The Legislative Yuan is to discuss legal amendments to Article 22 of the Act Governing the Relations Between the Peoples of the Taiwan Area and the Mainland Area (兩岸人民關係條例) that would see Chinese students given 40 percent medical coverage through the National Health Insurance (NHI) program while in Taiwan.
The Chinese Nationalist Party (KMT) said that it is seeking to put the motion to a vote, but National Taiwan University Hospital department of gynecology doctor Shih Jin-chung (施景中) has said the measure panders to China.
Shih wrote on Facebook that the KMT is “forcing” a vote after the government last month announced that it would cut back on supplementary premiums for the NHI program and is testing an almost bankrupt NHI program with the central government on the edge of reaching its debt ceiling.
The government is spending taxpayers’ money by placing Chinese students and Chinese white-collar workers under 40 percent NHI medical coverage, but these recipients would not feel gratitude as many of them are richer than the average Taiwanese, Shih said.
“I would raise both arms in support if the KMT was spending its own money [if the vote passes],” Shih wrote, adding that he was looking forward to the day the government would pay the NHI fees for Taiwanese who cannot afford it.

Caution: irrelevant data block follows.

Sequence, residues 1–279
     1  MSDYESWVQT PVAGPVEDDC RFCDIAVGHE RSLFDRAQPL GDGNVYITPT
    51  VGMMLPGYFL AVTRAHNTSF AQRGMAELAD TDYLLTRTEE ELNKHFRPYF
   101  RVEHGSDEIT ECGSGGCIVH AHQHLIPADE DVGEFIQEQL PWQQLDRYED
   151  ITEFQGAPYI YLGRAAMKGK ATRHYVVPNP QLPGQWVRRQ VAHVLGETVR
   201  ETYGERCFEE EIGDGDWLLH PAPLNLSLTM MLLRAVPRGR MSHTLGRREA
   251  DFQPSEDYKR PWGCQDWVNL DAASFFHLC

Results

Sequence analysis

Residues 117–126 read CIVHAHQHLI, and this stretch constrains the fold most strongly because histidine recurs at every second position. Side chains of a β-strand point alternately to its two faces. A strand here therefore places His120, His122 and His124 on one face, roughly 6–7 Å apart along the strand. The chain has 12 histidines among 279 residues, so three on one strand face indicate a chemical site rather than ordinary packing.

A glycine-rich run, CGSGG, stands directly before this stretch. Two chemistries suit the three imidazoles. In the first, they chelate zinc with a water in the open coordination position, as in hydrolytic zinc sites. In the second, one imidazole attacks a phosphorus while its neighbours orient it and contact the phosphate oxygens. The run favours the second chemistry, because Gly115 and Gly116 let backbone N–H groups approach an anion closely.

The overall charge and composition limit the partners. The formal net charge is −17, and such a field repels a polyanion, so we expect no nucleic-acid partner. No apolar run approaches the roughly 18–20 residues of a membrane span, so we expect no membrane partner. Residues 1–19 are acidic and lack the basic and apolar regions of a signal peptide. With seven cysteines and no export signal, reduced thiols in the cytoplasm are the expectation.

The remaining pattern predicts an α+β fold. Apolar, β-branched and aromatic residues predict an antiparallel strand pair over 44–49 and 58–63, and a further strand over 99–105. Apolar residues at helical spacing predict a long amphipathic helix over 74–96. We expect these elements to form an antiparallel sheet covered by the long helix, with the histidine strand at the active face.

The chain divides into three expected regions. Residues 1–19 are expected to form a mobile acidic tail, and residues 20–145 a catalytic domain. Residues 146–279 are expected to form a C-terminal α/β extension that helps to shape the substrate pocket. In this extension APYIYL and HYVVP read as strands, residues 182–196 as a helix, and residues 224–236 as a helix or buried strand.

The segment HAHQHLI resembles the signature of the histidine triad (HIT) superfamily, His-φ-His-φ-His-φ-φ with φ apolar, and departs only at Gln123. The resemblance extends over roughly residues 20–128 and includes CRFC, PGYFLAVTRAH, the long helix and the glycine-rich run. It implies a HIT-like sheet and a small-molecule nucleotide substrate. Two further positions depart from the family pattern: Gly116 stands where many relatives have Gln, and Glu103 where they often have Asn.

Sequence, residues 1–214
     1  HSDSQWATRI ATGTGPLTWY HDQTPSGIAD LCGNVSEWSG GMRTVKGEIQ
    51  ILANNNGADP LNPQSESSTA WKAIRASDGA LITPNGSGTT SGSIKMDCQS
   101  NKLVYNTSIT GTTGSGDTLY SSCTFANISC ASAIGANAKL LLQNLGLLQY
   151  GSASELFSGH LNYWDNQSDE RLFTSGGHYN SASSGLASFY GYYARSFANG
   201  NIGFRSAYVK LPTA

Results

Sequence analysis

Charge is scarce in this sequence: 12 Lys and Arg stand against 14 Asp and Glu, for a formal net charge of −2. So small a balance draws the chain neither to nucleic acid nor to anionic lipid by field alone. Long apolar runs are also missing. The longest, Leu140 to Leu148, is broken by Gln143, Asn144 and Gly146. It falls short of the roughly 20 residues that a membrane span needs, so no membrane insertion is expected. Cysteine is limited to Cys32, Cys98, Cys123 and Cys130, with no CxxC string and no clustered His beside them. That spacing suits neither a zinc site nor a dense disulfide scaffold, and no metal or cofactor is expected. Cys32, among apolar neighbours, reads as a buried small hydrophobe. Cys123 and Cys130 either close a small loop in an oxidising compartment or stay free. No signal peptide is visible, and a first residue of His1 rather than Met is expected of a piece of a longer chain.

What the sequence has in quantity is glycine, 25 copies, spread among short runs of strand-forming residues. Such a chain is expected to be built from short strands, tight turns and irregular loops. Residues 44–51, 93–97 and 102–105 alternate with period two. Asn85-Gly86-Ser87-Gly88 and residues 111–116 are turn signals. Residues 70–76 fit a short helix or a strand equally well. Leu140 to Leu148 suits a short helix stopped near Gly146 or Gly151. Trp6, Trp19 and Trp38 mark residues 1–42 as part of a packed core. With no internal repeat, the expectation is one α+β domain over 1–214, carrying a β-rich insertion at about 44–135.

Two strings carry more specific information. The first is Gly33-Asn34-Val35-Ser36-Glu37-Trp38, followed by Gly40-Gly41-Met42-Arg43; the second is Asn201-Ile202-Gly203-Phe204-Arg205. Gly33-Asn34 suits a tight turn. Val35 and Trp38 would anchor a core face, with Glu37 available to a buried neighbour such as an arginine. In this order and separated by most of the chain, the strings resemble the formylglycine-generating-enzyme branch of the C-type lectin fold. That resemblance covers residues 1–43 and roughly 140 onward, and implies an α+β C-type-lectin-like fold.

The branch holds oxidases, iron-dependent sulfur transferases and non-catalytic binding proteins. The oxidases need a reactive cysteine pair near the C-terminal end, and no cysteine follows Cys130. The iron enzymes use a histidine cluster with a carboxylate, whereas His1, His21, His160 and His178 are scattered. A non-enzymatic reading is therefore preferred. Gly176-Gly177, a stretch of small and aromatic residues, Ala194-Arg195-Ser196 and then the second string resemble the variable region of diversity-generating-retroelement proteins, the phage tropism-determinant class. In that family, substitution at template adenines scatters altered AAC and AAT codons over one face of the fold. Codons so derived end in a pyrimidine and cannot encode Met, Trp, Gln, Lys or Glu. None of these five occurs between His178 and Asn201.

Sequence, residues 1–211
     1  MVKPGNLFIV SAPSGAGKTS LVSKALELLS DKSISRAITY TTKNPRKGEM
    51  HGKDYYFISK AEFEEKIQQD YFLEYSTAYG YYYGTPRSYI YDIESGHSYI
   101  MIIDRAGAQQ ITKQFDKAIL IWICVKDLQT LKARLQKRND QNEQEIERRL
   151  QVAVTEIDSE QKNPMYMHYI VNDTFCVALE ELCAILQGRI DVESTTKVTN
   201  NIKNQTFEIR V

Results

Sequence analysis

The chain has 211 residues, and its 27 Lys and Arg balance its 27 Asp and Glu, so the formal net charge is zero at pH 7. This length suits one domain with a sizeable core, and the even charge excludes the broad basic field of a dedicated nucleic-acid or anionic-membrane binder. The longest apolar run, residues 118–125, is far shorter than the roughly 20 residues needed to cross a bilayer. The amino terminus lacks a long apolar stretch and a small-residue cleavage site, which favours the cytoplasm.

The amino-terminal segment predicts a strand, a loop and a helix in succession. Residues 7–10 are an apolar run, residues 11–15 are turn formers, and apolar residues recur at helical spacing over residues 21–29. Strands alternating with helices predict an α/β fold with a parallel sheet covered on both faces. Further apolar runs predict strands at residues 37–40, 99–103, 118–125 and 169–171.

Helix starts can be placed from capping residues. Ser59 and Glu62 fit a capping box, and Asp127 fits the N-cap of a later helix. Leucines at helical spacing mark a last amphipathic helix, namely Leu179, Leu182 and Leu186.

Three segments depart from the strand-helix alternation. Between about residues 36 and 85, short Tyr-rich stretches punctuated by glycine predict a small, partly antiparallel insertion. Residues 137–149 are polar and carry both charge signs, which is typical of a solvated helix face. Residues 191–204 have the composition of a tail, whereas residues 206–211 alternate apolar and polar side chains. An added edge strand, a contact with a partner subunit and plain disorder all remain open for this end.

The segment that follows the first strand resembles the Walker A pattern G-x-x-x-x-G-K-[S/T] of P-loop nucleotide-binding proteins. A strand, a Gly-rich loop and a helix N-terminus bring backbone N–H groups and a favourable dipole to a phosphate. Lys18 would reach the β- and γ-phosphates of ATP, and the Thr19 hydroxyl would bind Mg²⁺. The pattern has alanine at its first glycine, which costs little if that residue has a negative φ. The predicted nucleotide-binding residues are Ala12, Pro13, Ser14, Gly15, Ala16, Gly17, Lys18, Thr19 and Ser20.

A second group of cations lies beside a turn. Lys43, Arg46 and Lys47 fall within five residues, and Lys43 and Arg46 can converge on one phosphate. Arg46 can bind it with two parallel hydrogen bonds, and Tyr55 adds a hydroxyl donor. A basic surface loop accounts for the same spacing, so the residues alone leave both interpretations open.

Shih also wrote: “Is the KMT government seeking to make a dog’s dinner of Taiwan and leaving our future progeny, a future generation that is already seeing a decline in birth rates, to clean it up?”
Shih said that the NHI program was conceived to help disadvantaged people, adding that the government was giving taxpayers’ money to Chinese students who are applying for NHI compensation after visiting medical facilities outside of Taiwan.
“[Our] generous NHI, generous government, generous KMT; how Taiwanese are swimming in money. I cannot but weep tears at the thought of my future progeny when writing this,” Shih wrote.
Addressing KMT Legislator Wu Yu-sheng’s (吳育昇) comments that the measure was to realize “universal human rights,” Shih said that the “universal values” that should be promoted are those that people get what they pay for.
Shih said that people studying in the US more than a decade ago had to pay insurance fees, equivalent to NT$15,000, out of their own pockets.
“Does the US not have ‘universal values?’ I think not,” Shih wrote.
Netizens have also criticized the move, saying that the KMT should beware on Jan. 16 — the day of the combined presidential and legislative elections — and that the NHI is like a tax and foreigners should not share the same privileges as Taiwanese.
Additional reporting by Liu Fen-ju
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